• Why Carl Sagan is Truly Irreplaceable
    A relatively short bio of Carl Sagan as Cosmos is revived and his papers are available at the Library of Congress. I think the most interesting thing that I learned was that he has a sister named Carli.
  • From Retail Palace to Zombie Mall: How Efficiency Killed the Department Store
    I think the most interesting thing about this look back on the peak and downturn of the department store, is how influential design was in making department stores a success. Design is not just a recent thing

    Not only did the design influence where a shopper’s eyes would go, it also influenced the steps that shopper would take through the store. “In a department store, there’s a tile path or flooring that you feel compelled to walk on, because you’re not going to cut through the carpeted area that has all of the fixtures to get from one place to another,” Wood says. “So you follow that path, which leads you where the store wants you to go. It leads you away from the exits and toward the interior. When you want to go up, the elevators are always hidden so that you’re more likely to take the escalator. Once you get to the next level, you have to walk all the way around the other side to keep going up, so you see everything showcased on that floor.”

  • What Do Animals See in a Mirror?
    One of the challenges of a baby is to recognize that what you see in the mirror is yourself. It has been thought that this ability is related to higher intelligence in species. Here’s some more about that idea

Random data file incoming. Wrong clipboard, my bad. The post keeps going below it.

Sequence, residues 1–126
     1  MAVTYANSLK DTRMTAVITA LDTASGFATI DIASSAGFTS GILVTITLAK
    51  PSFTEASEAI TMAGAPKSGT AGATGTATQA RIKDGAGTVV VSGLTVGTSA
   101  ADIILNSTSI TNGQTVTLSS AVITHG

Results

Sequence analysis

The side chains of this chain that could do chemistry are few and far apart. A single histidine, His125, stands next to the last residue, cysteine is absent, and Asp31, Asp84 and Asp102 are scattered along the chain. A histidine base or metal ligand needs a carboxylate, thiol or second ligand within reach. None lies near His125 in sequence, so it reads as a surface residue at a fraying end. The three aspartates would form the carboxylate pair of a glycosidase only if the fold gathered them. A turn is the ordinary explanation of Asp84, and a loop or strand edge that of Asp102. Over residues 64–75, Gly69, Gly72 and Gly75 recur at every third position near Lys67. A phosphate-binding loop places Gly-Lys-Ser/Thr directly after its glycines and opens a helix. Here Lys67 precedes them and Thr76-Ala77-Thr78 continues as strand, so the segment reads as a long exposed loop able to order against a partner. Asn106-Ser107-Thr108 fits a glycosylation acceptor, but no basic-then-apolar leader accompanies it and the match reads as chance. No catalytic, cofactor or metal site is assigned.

Gallup, now in his 70s, mainly stays away from advocacy work but he likes to philosophize about what exactly mirror self-recognition shows, and why that capability might have evolved. Clearly, it has little to do with mirrors since aside from the occasional still pond, our distant ancestors would never have encountered their reflections. He’s come to the conclusion that a pass of the mirror test indicates a profound level of consciousness that includes animals’ ability to contemplate their own thoughts and experiences as well as to imagine what others could be thinking and experiencing. This ability is called “theory of mind.”

  • The Real Butlers of the .001 Percent
    I was really hoping that this article would be full of juicy gossip about the crazy practices that the .001 Percent have, but there was only one interesting story and a bunch of so-so ones

    The sheik wasn’t on his boat all that often, but when he did set sail, he liked to take the vessel “whoring,” as Bentley puts it. “The girls would all line up on the dock. The sheik would say, ‘You go. You go. You come aboard.'” On one four-day trip from Spain to Morocco, one of the sheik’s wives surprised the crew in port. “She came on board with her daughters, looking in every bed, trying to find a pubic hair.” Luckily, Bentley had been given a heads-up. He had his maids strip the sheets. Meanwhile Bentley hid six prostitutes in his own cabin, knowing that a sheik’s wife would never go into the staff’s lower-deck quarters.

  • Let’s, Like, Demolish Laundry
    A look at the heavy competition in the start-up world around…laundry. This article laments the fact that some of the smartest, motivated individuals in the world are tackling first-world specific problems (and not really problems at that). But hey, there’s money to be made.

    In Silicon Valley, where The Work of creating The Future is sacrosanct, the suggestion that there might be something not entirely normal about this—that it might be a little weird that investors are sinking millions of dollars into a laundry company they had been introduced to over email that doesn’t even do laundry; that maybe you don’t really need engineers to do what is essentially a minor household chore—would be taken as blasphemy. Outside mecca, though, there are still moments of lucidity.